This folder contains correspondence and other documents relating to the use of Edison's storage battery in submarines and warships. Some of the documents refer to experiments by Edison on how to avoid the potentially dangerous discharge of hydrogen gas from submarine batteries. There are also references to plans to install Edison storage batteries on the Navy's E-2 submarine and to the sea tests that were conducted near the Brooklyn Navy Yard in November. An explosion aboard the E-2 on January 15, 1916, caused by excessive hydrogen created during the discharging and recharging of the battery, resulted in the death of five men. A Naval Board of Inquiry subsequently ruled that Edison batteries were too dangerous for use on submarines. Most of the documents are by Edisonâ€™s chief engineer, Miller Reese Hutchison. Other correspondents include Secretary of the Navy Josephus Daniels, Undersecretary of the Navy Franklin D. Roosevelt, and Admirals Albert W. Grant and Robert S. Griffin. A few items bear marginalia by Edison.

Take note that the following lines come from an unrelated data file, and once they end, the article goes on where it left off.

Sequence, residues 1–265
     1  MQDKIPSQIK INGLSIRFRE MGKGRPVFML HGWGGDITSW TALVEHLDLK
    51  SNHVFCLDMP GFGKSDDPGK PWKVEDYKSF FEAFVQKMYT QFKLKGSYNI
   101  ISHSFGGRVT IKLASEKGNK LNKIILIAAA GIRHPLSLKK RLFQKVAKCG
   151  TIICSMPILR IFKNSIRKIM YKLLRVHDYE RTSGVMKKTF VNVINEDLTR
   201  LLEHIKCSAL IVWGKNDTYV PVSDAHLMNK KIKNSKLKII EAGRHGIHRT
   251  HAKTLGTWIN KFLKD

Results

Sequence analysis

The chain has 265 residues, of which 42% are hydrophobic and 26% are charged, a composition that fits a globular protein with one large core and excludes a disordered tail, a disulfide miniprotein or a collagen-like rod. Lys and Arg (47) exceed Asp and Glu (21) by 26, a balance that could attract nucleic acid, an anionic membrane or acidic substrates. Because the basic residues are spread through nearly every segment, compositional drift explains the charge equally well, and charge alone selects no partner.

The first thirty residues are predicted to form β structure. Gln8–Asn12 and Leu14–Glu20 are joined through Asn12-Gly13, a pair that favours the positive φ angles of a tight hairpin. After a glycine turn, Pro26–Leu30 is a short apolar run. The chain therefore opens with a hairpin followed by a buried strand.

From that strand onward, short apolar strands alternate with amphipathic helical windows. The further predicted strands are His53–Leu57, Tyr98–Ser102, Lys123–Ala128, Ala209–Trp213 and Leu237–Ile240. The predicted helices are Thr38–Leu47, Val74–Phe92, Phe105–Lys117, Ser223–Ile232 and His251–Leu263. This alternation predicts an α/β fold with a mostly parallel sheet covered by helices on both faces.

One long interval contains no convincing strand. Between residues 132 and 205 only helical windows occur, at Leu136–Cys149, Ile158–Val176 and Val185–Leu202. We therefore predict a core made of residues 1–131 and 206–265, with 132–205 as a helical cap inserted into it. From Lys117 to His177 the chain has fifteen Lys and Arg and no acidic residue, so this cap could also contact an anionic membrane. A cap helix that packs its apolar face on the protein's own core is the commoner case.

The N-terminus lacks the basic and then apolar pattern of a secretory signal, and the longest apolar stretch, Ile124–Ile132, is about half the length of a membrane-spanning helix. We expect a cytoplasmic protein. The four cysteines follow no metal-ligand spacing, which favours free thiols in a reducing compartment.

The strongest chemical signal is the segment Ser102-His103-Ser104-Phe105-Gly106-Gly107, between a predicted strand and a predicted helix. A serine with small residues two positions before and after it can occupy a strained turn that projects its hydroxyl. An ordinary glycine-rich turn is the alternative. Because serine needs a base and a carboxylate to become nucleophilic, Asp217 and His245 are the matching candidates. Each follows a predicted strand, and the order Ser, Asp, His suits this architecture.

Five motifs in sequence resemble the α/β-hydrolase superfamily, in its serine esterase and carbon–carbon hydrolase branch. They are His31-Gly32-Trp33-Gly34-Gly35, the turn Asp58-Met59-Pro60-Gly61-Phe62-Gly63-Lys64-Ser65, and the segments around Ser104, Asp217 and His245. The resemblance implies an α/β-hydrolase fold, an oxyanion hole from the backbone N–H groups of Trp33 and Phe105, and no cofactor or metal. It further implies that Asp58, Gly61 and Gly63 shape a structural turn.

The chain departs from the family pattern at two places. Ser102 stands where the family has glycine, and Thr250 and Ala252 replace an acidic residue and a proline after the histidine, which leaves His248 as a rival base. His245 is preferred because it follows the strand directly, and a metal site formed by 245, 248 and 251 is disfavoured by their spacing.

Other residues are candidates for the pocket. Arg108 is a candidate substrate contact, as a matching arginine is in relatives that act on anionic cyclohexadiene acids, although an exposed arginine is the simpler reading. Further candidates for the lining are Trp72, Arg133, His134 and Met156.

Approximately 50 percent of the documents have been selected. The items not selected consist of unsolicited correspondence, letters of introduction, newspaper clippings, and routine documents pertaining to contracts between the U.S. Navy and the Edison Storage Battery Co.
A letter from Hutchison to Madeleine Edison inviting her to christen the new L-8 submarine (the first to be equipped with an Edison battery) and mentioning the E-2 battery contract can be found here. Courtesy of Thomas Edison National Historical Park.